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Sunday, December 4, 2016

TT Club Calls for Increased Port Safety

June 18, 2014

Photo courtesy of TT Club

Photo courtesy of TT Club

In a speech given to the Trans Middle East Conference in Qatar in May, Andrew Kemp, Regional Director EMEA of the freight transport insurance specialist TT Club, called for operators to do more to minimize the causes of incidents resulting in bodily injury, cargo and property damage.


Analysis of extensive TT Club data has shown that over 80% of insurance claims related to cargo handling at ports and terminals are the result of operational shortcomings or poor equipment maintenance.  “It is clear,” emphasised Kemp, “that many of these incidents are avoidable if operators were to pay greater attention to some basic safety related processes and give a higher standard of training to their employees.”
 
In addition, the presentation to freight industry professionals from across the Middle East region stressed the economic validity of well-advised insurance cover.  Kemp quoted from UK Health & Safety Executive research.  “This national authority estimated that for every pound sterling spent on insurance there is between eight and thirty-six pounds of costs incurred through the consequences of uninsured incidents.  These expenses cover such outgoings as emergency supplies, reputational damage, operational delays and increased maintenance and training requirements after the event, let alone the costs of management time,” he highlighted.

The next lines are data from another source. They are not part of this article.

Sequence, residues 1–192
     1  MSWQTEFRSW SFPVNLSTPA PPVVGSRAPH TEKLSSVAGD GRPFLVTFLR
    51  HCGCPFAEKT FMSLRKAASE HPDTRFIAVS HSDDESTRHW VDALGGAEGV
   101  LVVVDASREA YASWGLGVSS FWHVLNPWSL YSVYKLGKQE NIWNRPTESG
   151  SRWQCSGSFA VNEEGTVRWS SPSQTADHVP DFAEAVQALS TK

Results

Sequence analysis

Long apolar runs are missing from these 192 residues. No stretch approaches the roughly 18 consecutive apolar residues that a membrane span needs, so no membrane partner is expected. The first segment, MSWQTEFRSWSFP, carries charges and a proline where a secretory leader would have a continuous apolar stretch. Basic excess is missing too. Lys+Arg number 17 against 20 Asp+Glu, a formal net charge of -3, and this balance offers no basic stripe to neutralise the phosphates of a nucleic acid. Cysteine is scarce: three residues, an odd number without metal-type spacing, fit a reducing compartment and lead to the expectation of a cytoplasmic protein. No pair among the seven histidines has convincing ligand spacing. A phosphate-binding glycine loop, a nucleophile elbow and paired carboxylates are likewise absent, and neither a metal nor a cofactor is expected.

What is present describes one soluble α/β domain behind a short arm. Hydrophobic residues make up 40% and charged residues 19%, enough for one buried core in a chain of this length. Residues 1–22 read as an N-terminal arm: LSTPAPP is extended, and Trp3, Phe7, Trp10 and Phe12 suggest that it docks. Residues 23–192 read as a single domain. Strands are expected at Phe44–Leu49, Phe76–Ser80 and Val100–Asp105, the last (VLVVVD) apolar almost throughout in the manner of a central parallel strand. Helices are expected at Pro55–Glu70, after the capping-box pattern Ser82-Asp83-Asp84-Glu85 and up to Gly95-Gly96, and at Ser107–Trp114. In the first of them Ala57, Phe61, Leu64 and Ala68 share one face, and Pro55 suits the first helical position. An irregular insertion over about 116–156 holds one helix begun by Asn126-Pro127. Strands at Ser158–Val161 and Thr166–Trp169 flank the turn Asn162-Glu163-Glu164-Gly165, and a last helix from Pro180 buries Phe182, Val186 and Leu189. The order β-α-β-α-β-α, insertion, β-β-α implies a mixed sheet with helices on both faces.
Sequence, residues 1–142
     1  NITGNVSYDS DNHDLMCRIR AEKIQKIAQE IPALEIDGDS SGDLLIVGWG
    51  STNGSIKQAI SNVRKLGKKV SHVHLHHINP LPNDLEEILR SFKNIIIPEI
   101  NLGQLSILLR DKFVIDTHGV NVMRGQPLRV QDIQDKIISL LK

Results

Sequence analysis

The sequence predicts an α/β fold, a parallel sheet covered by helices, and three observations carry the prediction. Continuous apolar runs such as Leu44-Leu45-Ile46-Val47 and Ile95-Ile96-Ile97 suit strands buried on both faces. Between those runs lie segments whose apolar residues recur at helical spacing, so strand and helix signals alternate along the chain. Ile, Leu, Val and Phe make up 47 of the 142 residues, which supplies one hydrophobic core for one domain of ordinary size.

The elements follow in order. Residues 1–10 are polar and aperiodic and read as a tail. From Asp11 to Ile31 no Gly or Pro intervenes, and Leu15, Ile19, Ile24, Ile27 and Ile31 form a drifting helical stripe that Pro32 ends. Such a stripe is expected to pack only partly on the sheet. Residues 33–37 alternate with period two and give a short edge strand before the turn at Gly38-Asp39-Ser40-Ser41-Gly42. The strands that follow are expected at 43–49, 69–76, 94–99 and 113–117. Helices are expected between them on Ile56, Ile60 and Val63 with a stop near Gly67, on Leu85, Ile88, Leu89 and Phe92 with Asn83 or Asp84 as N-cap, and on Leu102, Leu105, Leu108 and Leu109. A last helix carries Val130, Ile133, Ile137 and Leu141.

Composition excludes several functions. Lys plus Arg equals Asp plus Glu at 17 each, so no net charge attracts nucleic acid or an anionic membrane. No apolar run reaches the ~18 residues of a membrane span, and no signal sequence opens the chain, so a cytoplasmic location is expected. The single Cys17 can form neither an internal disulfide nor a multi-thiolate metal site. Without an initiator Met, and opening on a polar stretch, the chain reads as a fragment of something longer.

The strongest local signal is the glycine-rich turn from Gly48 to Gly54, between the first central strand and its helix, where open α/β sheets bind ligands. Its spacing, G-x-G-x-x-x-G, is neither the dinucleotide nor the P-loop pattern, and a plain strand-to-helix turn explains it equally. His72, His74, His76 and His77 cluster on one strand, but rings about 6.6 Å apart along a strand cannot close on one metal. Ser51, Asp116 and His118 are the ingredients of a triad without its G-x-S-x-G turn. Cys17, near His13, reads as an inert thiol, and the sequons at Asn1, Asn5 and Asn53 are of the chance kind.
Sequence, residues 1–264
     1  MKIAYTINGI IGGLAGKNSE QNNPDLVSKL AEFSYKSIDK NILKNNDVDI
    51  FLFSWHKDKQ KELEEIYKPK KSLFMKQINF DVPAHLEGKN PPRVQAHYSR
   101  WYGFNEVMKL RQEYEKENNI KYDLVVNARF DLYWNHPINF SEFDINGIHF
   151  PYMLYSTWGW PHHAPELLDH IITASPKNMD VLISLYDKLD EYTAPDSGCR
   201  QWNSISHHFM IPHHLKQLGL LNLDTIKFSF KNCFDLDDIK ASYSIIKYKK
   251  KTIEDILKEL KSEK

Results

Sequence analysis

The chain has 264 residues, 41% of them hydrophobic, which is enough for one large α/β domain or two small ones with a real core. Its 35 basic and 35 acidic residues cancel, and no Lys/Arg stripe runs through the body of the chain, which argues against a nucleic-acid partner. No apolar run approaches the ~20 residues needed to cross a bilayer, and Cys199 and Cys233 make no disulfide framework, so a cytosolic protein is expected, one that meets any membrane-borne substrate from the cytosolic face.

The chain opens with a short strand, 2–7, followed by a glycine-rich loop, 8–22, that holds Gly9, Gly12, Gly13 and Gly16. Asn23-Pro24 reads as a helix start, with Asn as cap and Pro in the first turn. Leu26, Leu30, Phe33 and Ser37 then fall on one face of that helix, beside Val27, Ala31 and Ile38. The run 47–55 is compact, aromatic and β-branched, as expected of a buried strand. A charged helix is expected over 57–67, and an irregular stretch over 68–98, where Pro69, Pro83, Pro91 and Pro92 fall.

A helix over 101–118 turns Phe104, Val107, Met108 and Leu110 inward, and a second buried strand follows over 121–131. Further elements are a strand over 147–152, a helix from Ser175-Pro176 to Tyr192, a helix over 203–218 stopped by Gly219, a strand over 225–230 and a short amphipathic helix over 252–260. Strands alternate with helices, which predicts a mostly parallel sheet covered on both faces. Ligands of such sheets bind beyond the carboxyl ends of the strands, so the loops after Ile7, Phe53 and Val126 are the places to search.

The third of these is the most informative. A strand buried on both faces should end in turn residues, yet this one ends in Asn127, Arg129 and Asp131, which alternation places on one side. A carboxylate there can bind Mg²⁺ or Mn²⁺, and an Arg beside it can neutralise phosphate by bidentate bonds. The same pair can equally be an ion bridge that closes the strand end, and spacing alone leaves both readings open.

The analysis of a total of over 9,500 claims, carried out by the Club on data received over the past seven years, showed that a low percentage, just 5%, were caused by weather or similar natural causes.  The vast majority came as a result of much more avoidable causes – a quarter being due to poor maintenance of property or equipment and some 66% down to failures in some facet of the operation.

Much can be learned from the analysis of these operational issues.  Kemp stated, “We found that over a half of incidents involved the internal systems and processes of the operator and another quarter were due to theft.  These types of claim are most assuredly to be placed in the category of preventable,” he said.

Terminal and cargo handling facility operators are therefore strongly urged to employ effective monitoring and checking procedures, a regular training regime and to maintain industry best practice for safety and security.  The conference presentation exemplified a number of situations where a lack of traffic flow systems and speed limits, allowing people into operational areas and use of inferior spare parts on lifting equipment (to name just a few examples) regularly caused damage and injury.  

As a result TT Club can, and frequently does, offer effective advice on loss prevention and risk management.  “Prevention can be successfully achieved via a combination of safe and physically secure facilities and equipment, rigorous checks and double-checks on safety procedures, combined with well-trained, well-motivated employees and trusted partners,” concluded Kemp.

 



 
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